The use of human induced pluripotent stem cells (hiPSCs) is indispensable for many biological research topics, such as disease modeling, toxicity assays, regenerative medicine and drug discovery. The work with hiPSCs is challenging, due to their poor proliferation rates and the inability to adhere to a Matrigel-free surface, therefore it is of high interest to develop methods to culture hiPSCs easily.
The authors have demonstrated a method to cultivate the cells in small 200 nl droplets on a Droplet Microarray chip (DMA). Using the I.DOT, they were able to dispense the delicate cells onto the DMA. This leads to an overall reduction of compounds, reagents and the valuable hiPSCs up to 10,000-fold.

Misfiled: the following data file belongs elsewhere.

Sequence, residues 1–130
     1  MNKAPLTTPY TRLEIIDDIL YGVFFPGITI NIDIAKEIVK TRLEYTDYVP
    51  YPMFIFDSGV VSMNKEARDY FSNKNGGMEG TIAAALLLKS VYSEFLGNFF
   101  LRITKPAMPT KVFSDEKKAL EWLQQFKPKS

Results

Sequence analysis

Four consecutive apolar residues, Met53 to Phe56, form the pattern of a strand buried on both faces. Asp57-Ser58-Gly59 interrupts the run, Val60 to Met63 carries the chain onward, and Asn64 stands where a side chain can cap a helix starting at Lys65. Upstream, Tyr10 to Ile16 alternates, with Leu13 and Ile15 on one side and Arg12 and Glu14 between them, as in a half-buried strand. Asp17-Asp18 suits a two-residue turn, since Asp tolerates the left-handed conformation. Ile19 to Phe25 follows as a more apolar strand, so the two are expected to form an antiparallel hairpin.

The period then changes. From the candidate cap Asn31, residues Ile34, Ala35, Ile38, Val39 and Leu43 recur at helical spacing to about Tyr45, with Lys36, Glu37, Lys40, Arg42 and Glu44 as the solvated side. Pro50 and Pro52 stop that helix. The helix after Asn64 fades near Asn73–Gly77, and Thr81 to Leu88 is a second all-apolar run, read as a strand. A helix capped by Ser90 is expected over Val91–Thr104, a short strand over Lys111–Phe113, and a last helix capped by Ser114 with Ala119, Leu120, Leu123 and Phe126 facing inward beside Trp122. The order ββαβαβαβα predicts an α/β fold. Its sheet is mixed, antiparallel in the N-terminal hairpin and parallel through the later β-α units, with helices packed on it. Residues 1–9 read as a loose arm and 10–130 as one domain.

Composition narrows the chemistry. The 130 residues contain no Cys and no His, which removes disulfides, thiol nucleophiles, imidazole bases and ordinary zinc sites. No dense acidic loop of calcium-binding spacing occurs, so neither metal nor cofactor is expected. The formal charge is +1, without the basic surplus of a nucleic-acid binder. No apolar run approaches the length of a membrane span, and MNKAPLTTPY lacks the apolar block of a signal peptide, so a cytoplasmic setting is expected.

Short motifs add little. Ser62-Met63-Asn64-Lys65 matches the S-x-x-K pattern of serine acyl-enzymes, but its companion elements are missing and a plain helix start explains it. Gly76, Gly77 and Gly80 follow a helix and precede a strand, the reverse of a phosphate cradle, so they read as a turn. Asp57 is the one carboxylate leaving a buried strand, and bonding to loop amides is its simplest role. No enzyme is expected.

Even more fascinating is the fact that this impressive work shows:
1) The hiPSCs can adhere to the Matrigel-free surface of the DMA,
2) The hiPSCs do not spontaneously differentiate on the Matrigel-free DMA and
3) Shows high expression of the pluripotency marker NANOG.
Great work by Yanxi Liu and Pavel Levkin. This is changing the way high-throughput screening can be administered to address many biological questions.